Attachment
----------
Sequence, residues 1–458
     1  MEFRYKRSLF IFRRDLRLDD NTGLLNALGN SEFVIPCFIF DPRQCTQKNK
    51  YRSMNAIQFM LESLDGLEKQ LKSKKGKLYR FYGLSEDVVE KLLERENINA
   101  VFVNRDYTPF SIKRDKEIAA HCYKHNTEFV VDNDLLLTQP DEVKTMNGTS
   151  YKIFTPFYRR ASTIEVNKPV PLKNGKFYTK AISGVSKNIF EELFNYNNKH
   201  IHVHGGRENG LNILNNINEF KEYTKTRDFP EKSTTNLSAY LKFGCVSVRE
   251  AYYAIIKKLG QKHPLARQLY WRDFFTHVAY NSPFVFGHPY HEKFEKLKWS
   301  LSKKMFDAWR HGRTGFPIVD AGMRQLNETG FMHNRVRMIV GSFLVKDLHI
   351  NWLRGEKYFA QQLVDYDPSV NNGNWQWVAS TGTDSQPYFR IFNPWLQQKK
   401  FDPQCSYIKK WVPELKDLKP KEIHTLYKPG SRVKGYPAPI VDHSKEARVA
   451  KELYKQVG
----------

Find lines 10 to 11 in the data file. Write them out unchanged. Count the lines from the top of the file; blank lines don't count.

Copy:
   401  FDPQCSYIKK WVPELKDLKP KEIHTLYKPG SRVKGYPAPI VDHSKEARVA
   451  KELYKQVG